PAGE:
A Day in the Life of … a Work-at-Home Mom


A Day in the Life of ...

My days are long ones. In September, I traded in my life working outside the home for one as a work-at-home mom so I could focus on my health and taking care of the kids. I miss the challenges and knowledge I gathered every day working outside the home, but I am making new challenges and teaching myself new things as I build my business, Trendy Babywearing.

My husband, Jonathan, works a minimum of 48 hours a week at his company’s plant in Orangeburg. As the company has plans to expand production, his hours grow longer and he sometimes works 12 days in a row. We are both tired, but things are much better now that I’m home when Jonathan is and there are no opposite shifts and passing each other in the hallway. When I worked outside the home, I was working the second shift, which definitely put a strain on our marriage.

When I was working outside the home, after paying for childcare, I was actually losing money rather than making it. Money is still tight as I build my business, but I know I wouldn’t trade this life right now for anything else. Since my business is an online retail store, I am able to work around doctors’ appointments for myself and the kids; I don’t have to pay for day care; and I am able to share my love of babywearing and attachment parenting with the world.

The details of my day

8:30 a.m.: Asher wakes up screaming. He usually sleeps in the playpen next to my bed, but I moved him into bed with me after my husband left for work at 4 a.m. Asher is hungry again after waking up to eat at 2 a.m. I’m still half asleep and I forget that we’ve been weaning; but when I start to unsnap my bra to nurse him I see the cabbage leaves there and remember. I run downstairs and prepare a bottle for him. Then I hear Lucie yelling “MOMMY!” from her room. I go open her door. She comes into my room with her tablet, watching Caillou.

9 a.m.: I take a shower. Lucie appears content with her tablet and breakfast, and Asher is happy with his bottle, so I take my time. I actually let my conditioner sit in my hair the recommended 3 minutes before rinsing. I feel much better after my shower, but I am worried about the fact that Lucie has been so quiet. With a two and a half year old, silence is suspicious.

9:30 a.m.: Done with my shower. Nothing to worry about from Lucie, for which I’m grateful; a shower without little hands banging on the door is a luxury. I get dressed for the day and tell Lucie to get some clothes on, too.

10 a.m: I’m wrapping Asher to my back and trying to get a good seat, but he keeps straightening his legs, which undoes all the work I did to create the seat. He’s what babywearers call a “leg straightener” and a “seat popper.” I have to be extra careful when wrapping him as a result, and it is a bit of a workout. Meanwhile, I’m taking candy away from Lucie; she found her bag from Halloween and has been chowing down on chocolate as a morning snack.

Wearing Asher makes it Easier to Get Work Done!
Wearing Asher makes it easier to get work done!

10:30 a.m.:  Time for work — the paying kind. I check my email and see I’ve received an order through my website. I prepare that order for shipping, plus the three I received on Saturday. Then, I check tracking for a big shipment that’s supposed to arrive today. All of these items have been pre-ordered, meaning they’ve been sold and paid for already, so I need to ship them out ASAP when they arrive. I’m out of flat-rate boxes, so I’ll need to head to the post office to get some before the mail comes. I tell Lucie to get out of her nightgown and put on some clothes, again.

11 a.m.: The doorbell rings; my shipment of wraps is here. Lucie is finally getting dressed. It’s time for my husband’s lunch, so I call him briefly. While I’m on the phone, I’m multitasking, printing labels for the shipments I’ll send out today.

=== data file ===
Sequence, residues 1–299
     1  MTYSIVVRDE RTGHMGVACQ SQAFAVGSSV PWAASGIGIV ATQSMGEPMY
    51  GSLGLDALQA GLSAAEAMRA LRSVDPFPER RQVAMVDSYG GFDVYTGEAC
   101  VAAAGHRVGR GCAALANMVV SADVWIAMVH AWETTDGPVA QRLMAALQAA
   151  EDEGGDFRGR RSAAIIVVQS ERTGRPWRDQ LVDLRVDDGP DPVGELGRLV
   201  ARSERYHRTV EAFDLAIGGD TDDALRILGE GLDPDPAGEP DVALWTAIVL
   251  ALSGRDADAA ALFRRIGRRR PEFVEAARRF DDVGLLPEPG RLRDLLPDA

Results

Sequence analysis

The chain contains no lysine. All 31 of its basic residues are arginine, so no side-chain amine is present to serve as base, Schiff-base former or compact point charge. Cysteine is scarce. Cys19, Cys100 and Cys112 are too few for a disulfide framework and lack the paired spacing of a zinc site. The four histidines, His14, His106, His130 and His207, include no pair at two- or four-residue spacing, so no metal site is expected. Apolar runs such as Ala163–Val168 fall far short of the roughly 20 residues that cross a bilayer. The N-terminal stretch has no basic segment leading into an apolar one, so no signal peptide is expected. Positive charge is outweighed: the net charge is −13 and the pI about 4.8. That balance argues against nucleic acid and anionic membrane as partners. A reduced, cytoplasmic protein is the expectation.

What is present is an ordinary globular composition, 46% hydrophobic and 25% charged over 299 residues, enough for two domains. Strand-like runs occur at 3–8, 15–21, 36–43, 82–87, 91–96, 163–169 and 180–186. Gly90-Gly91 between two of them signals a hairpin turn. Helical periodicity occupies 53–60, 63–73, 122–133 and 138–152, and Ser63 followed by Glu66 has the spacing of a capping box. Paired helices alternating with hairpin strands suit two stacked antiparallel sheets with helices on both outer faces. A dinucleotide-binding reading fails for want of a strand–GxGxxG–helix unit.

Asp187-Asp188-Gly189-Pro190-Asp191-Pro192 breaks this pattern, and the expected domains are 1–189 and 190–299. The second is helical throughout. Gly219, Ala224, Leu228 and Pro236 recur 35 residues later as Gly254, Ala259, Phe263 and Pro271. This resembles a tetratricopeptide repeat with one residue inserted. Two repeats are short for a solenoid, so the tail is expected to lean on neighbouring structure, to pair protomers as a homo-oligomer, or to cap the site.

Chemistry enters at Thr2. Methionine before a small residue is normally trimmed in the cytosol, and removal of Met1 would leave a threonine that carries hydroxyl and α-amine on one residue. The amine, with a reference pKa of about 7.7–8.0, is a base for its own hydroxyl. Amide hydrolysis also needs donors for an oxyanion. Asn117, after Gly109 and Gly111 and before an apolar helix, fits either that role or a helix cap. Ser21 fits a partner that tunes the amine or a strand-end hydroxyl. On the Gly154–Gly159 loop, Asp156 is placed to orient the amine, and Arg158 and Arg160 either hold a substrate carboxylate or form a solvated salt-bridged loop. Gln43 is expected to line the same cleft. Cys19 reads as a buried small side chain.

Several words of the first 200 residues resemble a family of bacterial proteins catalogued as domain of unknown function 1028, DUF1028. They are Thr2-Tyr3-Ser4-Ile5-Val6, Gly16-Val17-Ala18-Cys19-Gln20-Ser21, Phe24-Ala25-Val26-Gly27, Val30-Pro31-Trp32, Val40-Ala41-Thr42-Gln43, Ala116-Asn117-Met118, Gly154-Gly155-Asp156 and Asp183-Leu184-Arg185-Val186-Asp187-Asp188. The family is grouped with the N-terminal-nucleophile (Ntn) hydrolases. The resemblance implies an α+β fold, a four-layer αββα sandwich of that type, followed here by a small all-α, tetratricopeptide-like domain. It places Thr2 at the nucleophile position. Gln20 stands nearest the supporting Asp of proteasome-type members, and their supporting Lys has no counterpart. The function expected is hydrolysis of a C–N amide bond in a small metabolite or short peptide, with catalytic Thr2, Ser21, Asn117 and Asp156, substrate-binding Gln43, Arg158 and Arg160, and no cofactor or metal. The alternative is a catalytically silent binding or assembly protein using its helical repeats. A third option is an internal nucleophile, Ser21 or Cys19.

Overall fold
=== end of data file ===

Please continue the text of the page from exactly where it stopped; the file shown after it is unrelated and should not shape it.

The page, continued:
12 noon: In the car, we head to the post office. At a light, I change the time on my dashboard clock, as yesterday the clocks changed for Daylight Savings Time.

12:15 p.m.: We arrive at the post office. I put together my double stroller, pile boxes and envelopes on it. I put Asher in my Tula soft structured carrier and Lucie in the front seat of the stroller. In welcome a show of Southern hospitality, people open doors for me as I walk in the post office. I drop the packages off and take the flat rate boxes I need for the rest of the shipments. Realizing I haven’t yet eaten a thing today, I pick up some lunch on the way home.

1 p.m: Asher falls asleep for a nap. After she’s eaten her lunch and some of mine, Lucie asks to watch Daniel Tiger on Netflix. Since she’ll be distracted, I can get some work done. I turn my laptop on to print some shipping labels.

2-4 p.m.: Lucie is still distracted with Netflix, and although Asher has woken up, I have him wrapped and I snuggle him as I work out some orders with three suppliers of silicone teethers and silicone beads. I need to check that their FDA paperwork is in order because these are food-grade silicone and will go in babies’ mouths. I pack a few boxes to go out in the morning. I also need to research new washing machines … not for work. More multitasking.

This shipment will be brought to the post office tomorrow.
This shipment will be brought to the post office bright and early tomorrow.

4:30 p.m.: Exhausted, Jonathan calls me to tell me he is on his way home. We talk for 40 minutes; Lucie is grabbing the phone, chattering away to him, and I am multitasking crunching numbers for teethers, all the while wearing Asher.

5:30 p.m.: Jonathan’s home! I empty the dishwasher as he entertains Lucie, and then I start on dinner.

6:30 p.m.: A local customer arrives to pick up a wrap she ordered. We talk for a few minutes, and then I head back to the kitchen to eat dinner. Lucie doesn’t like what we’re having, so I give her some yogurt … which ends up in her hair.

7 p.m.: After dinner, Jonathan gives Lucie and Asher a bath (paying careful attention to Lucie’s yogurt-y hairdo). I am exhausted and lie back in bed, reflecting on the day’s events. It may not seem like I’ve done a lot of strenuous tasks today, but my energy is really low. I feed Asher a bottle and he falls asleep in my arms. I transfer him to his playpen next to my bed. I kiss Lucie goodnight and she goes to sleep in her own room.